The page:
Why not see what Quinn can do? The fact that the switch has been made should be seen as an indictment of the entire team rather than a referendum on Anderson or a vote for Quinn.
Incidentally, it has been reported that the Browns made the move to placate Browns fans and keep their support after they loudly booed Anderson on Sunday. Well, if this is true, then Browns fans that would stop supporting the team without the change aren’t fans at all.
The true fans aren’t going anywhere, regardless of who the QB is.
Sure, Anderson was anything but spectacular this year, but every player and coach in the Browns organization is equally responsible for the disappointing season. Anderson has taken an unfair share of the blame not necessarily because of his play, but because of the fans’ unrelenting desire to see Quinn in action.
Anderson was nothing more than a sacrificial lamb for the entire team’s woes in 2008.
And so when Quinn throws his first interception—hell, his first incompletion—I wonder if the people in my section at Cleveland Browns Stadium and those at Peter’s Pub will start chants for third-string QB Ken Dorsey, like they did each time Anderson didn’t complete a pass.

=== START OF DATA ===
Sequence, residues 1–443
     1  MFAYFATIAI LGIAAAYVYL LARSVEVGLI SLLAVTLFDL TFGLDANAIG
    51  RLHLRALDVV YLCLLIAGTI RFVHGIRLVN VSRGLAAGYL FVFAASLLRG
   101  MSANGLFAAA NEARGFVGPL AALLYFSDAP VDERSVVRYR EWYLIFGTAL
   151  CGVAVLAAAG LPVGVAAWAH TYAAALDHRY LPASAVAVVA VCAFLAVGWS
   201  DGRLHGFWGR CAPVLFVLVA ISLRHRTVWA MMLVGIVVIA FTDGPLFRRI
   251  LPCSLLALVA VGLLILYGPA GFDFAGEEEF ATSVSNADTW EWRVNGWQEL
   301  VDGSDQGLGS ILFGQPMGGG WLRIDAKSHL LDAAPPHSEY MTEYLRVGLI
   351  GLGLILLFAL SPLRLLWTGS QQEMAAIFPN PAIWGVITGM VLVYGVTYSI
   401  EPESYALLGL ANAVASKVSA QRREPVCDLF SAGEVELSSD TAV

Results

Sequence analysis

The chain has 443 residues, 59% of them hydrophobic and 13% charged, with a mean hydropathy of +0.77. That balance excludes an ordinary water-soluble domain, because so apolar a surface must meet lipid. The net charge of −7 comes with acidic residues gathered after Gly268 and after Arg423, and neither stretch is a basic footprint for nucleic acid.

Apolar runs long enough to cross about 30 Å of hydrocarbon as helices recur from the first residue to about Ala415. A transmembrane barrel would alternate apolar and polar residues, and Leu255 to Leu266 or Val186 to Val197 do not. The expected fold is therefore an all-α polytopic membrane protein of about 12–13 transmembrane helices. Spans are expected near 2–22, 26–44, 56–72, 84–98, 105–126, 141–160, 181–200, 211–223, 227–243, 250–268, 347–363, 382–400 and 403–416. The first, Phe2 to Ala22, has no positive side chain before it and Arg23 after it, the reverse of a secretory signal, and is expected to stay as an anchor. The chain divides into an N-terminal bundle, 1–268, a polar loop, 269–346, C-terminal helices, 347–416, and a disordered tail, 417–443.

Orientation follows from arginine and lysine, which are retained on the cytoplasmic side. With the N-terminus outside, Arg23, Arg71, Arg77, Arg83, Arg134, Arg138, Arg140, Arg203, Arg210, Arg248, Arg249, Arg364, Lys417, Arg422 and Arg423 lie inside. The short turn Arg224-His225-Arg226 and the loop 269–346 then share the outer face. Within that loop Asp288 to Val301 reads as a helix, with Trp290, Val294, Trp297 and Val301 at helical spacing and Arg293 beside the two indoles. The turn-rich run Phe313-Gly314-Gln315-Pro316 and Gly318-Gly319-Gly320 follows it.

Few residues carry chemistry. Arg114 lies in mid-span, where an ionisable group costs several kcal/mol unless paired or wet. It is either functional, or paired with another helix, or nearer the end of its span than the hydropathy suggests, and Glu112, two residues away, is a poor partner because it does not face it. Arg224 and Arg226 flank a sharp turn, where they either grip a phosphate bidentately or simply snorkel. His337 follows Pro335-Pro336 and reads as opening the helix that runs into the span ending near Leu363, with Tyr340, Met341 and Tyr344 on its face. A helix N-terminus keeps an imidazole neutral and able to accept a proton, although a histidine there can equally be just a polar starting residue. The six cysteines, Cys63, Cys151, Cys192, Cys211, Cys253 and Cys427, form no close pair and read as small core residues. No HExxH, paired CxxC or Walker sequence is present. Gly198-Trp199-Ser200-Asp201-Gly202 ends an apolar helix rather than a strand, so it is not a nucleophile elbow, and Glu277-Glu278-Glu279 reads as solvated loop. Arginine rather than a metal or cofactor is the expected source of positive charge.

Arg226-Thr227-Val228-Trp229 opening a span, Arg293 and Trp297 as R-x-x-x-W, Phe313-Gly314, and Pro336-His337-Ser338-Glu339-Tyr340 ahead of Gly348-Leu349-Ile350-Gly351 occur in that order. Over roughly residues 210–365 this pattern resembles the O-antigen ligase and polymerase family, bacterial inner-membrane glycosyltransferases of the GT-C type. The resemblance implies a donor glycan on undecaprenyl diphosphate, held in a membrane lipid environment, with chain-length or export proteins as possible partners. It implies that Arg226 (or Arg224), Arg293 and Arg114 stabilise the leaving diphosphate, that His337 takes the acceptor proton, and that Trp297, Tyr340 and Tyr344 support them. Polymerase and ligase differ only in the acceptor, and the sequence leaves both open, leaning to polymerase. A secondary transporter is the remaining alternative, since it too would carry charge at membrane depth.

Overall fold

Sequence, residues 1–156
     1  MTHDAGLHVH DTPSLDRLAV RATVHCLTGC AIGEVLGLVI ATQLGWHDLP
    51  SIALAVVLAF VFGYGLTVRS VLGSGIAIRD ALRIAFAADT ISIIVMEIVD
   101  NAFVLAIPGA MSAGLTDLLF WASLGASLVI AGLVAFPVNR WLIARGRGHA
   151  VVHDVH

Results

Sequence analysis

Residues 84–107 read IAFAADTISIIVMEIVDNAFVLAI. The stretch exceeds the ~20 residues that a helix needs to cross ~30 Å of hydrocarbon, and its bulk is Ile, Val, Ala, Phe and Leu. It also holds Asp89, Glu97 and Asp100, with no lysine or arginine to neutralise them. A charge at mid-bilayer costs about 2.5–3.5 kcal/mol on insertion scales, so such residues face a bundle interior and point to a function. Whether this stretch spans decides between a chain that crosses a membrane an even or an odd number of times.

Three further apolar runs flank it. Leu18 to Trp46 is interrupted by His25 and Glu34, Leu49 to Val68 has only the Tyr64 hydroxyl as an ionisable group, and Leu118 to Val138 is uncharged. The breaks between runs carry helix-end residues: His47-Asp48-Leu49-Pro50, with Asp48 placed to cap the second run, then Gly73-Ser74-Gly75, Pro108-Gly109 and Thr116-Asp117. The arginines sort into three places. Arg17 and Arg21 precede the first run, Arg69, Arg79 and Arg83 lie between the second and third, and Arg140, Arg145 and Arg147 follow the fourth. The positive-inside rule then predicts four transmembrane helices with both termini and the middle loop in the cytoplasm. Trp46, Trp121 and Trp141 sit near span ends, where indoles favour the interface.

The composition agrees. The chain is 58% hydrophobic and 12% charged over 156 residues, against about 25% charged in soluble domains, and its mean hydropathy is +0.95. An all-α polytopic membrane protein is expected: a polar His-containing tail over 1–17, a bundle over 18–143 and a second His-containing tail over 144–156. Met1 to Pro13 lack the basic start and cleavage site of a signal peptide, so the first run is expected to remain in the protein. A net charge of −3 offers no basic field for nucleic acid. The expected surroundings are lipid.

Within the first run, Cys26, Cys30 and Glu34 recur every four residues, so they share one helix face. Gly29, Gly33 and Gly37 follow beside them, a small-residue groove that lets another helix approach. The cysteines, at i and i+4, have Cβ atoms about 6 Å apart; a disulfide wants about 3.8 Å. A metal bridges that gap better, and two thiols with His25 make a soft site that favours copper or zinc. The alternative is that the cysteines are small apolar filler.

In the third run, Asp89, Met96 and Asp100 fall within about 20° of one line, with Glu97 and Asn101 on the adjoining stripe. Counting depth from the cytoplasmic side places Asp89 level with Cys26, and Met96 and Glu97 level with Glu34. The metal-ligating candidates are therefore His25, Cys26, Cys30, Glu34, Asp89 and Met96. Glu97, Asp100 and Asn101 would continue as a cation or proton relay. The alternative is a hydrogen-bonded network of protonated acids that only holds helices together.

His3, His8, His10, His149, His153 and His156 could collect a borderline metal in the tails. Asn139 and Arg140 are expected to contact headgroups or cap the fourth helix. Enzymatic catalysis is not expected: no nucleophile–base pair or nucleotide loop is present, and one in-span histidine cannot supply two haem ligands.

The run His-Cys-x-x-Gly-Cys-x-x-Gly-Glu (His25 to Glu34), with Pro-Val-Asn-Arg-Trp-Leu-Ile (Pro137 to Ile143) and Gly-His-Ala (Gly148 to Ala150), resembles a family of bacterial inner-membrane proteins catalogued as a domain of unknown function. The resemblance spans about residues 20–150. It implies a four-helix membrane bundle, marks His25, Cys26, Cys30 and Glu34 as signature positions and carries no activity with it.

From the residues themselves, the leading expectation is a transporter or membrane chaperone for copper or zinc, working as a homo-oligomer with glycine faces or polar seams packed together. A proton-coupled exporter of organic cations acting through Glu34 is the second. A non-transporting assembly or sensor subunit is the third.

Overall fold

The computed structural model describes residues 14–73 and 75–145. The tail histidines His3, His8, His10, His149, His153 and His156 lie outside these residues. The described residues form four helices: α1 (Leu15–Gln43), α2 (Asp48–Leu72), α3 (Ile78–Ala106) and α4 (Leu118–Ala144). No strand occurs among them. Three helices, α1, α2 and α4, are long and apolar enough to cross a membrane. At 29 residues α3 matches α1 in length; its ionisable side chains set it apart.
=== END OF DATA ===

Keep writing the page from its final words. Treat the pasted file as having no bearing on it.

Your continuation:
Or will all of Brady’s transgressions be forgiven? Will fans chalk up his bad decisions and poor throws to youthful exuberance and inexperience?
Who will now assume the role of scapegoat du jour for Anderson haters when Quinn struggles? If Quinn doesn’t lead the Browns to the win this week, will fans blame Romeo for putting him in on a short week?
And when Brady succeeds, will it be because he’s the stud we all hoped he was, or because opponents haven’t had enough time to study his game and figure him out, as so many people claimed was the case with Anderson’s success.
Make no mistake, I just want the team—the whole team—to play well and win, regardless of who is taking the snaps.
I just hope that Browns fans—namely, the Quinn-lovers among us—are able to take off their Fighting Irish-colored glasses and hold Quinn to the same high standards that, short of a Lombardi Trophy, Anderson could never have lived up to.